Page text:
If you live and work in California you know what it means to be a resident and pay California state income taxes. In the year you come to California to live, or the year you leave California, you would generally be considered a part-year resident. You would be subject to California state tax on all your income for the portion of the year you are a resident, and on your California source income for the portion of the year you are a nonresident.
If you work in California on a temporary basis, but live in another state, you would generally be subject to California state tax on the income you receive for the services you perform in California, plus any other income you may have from California sources.
According to the California Franchise Tax Board, you are considered a resident of California if you are present in California other than for a temporary or transitory purpose, or if you are domiciled in California but you are outside California for a temporary or transitory purpose.
You are presumed to be a California resident for any year in which you spend more than nine months in the state. In other cases, residency is determined based on where you have the closest ties. The California Franchise Tax Board lists several factors in making this determination, including the amount of time you spend in California and outside the state, where your spouse or registered domestic partner and children are located, the location of your principal residence, the location where your driver’s license is issued and your vehicle is registered, where you are registered to vote, where you have a bank account, where you have your medical and health care providers and other professionals, where you have your social ties, and where your real estate or other investments are located.
Generally, if you are assigned to work in California on an indefinite basis, you would be considered a resident. You would also be a resident if you come to California to retire with no specific plans to leave, or if you are ill and you stay in California for an indefinite recuperation period. And once you are considered a resident of California, you would continue to be a resident if you leave the state only for temporary or transitory purposes.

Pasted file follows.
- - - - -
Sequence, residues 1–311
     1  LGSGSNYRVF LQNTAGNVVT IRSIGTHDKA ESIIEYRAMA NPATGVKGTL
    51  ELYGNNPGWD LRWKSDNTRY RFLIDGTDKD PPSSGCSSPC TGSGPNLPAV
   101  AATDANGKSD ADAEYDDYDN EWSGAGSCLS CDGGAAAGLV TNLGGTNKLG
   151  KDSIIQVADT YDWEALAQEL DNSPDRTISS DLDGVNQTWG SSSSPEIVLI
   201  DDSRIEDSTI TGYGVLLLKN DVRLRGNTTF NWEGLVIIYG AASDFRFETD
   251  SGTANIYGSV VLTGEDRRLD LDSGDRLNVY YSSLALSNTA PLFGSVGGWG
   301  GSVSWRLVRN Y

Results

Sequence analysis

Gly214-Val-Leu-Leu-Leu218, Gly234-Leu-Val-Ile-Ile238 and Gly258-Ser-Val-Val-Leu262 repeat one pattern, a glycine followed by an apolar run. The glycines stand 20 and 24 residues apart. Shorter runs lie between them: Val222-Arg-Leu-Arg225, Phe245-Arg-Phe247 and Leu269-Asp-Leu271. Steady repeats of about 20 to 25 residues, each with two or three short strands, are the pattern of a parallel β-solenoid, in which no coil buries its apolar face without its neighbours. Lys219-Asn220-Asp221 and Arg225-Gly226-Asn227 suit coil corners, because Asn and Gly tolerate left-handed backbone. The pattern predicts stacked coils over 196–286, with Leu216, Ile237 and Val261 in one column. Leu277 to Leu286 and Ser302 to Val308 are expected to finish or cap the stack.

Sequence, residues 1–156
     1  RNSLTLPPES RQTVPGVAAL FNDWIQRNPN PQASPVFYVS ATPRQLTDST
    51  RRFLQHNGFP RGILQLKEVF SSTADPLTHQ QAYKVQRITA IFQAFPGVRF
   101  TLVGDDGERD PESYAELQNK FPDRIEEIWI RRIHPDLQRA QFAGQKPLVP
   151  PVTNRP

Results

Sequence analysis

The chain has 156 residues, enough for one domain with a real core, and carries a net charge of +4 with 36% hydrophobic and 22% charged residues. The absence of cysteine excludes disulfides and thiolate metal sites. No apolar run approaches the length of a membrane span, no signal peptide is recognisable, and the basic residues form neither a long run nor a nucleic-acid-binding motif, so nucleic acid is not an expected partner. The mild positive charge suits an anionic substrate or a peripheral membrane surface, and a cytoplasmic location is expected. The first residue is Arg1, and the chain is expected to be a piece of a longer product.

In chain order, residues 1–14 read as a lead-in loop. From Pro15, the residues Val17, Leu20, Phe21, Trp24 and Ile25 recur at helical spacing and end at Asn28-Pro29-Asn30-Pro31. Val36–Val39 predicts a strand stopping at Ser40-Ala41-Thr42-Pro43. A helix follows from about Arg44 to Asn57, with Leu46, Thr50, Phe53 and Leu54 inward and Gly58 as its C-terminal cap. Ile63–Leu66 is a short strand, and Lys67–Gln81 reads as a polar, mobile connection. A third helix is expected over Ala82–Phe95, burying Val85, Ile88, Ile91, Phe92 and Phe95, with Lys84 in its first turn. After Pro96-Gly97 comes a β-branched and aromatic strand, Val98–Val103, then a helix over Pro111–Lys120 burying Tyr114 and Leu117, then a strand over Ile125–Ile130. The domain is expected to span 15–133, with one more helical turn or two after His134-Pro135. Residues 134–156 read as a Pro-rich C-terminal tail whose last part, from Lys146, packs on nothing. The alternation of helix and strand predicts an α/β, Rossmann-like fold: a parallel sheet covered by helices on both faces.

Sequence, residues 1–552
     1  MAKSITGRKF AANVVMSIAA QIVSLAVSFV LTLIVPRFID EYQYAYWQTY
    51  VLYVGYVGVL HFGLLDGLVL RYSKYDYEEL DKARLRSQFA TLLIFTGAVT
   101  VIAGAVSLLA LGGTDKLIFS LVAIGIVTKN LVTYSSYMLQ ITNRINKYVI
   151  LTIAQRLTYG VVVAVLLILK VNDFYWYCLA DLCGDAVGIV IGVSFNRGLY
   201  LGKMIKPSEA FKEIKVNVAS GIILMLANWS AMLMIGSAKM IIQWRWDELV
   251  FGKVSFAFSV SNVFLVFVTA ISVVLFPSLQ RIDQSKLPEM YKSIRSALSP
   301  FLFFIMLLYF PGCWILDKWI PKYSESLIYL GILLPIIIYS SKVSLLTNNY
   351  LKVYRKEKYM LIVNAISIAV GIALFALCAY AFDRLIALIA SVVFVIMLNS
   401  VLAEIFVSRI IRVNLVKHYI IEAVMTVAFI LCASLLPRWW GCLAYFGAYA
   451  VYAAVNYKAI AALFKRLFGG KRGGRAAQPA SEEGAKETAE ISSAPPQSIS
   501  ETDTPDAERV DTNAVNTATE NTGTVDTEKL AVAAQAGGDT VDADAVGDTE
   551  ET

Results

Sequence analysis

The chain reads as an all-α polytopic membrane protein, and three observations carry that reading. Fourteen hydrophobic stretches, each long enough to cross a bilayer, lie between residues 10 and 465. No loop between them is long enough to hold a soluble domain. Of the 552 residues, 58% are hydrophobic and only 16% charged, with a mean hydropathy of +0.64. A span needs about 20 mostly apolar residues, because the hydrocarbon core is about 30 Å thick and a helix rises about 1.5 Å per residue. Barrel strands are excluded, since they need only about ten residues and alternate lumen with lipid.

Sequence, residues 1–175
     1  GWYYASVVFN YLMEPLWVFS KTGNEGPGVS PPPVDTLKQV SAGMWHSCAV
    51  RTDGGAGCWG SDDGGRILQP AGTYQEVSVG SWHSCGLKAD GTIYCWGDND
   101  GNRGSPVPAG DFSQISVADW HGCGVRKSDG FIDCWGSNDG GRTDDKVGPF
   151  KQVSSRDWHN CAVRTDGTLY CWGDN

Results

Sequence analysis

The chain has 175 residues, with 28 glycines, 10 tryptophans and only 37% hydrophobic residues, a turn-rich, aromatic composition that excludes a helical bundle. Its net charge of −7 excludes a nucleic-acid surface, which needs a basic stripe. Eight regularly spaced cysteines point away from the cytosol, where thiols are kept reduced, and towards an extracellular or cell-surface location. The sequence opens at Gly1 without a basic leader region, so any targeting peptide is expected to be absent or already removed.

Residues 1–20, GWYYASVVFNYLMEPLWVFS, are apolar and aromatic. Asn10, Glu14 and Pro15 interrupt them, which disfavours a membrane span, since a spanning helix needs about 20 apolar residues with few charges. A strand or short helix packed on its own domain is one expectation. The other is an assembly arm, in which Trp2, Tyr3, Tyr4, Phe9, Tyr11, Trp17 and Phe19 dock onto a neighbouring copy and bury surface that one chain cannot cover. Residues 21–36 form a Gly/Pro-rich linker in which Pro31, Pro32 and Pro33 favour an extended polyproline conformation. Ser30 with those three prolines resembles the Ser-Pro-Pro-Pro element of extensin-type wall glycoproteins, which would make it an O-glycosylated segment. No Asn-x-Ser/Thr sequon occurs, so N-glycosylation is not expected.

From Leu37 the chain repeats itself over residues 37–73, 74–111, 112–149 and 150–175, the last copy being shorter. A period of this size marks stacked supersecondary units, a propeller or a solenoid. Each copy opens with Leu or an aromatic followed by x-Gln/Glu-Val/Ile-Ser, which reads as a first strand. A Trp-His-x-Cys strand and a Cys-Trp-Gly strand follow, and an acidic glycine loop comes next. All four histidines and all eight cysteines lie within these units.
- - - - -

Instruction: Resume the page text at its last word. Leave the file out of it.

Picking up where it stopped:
But if you leave California due to an employment-related contract for a period of at least 546 consecutive days, you will be considered a nonresident. This is called the safe harbor, and it also applies to the individual’s spouse or registered domestic partner. This safe harbor provision would not apply if you have intangible income of over $200,000 in any year while the employment contract is in effect, or if the principal purpose of being absent from California is to avoid the income tax. Under the safe harbor, return visits to California for a total of not more than a total of 45 days in any year are considered temporary and would not change your nonresident status.
If you are in the military you are generally considered to be a resident of the state from which you entered the service. If you were domiciled in California when you entered the military you would be a resident while you are stationed in California. And you would continue to be a California resident if you are assigned outside the state on temporary duty orders. But you would be a nonresident while you are stationed outside of California on permanent change of station orders. If you are domiciled outside California you would be a nonresident of California while you are stationed in the state on permanent change of station orders.
The California Franchise Tax Board points out that if you are a resident of a foreign country and work temporarily in California or have income from sources in California you could be subject to California state income tax even if you are not subject to federal income tax. Tax treaties between the U.S. and other countries may exempt income from federal tax, but unless the treaty specifically excludes the income from tax in California, it would be subject to California state income tax. Non-military spouses who remain in California would be considered California residents for tax purposes.
Nonresidents or part-year residents of California calculate their California state income tax at an effective rate. This rate is determined as the California tax that would apply on all your income as if you were a resident of California, divided by that income. This effective rate is then applied to the income of the nonresidents or part-year residents that is taxable in California. This way, according to the California Franchise Tax Board, the correct tax is paid on California sourced income, and income not sourced in California is not taxed.
FTB Publication 1031, Guideline for Determining Resident Status, California Franchise Tax Board
FTB Publication 1032, Tax Information for Military Personnel, California Franchise Tax Board
FTB Publication 1100, Taxation of Nonresidents and Individuals Who Change Residency, California Franchise Tax Board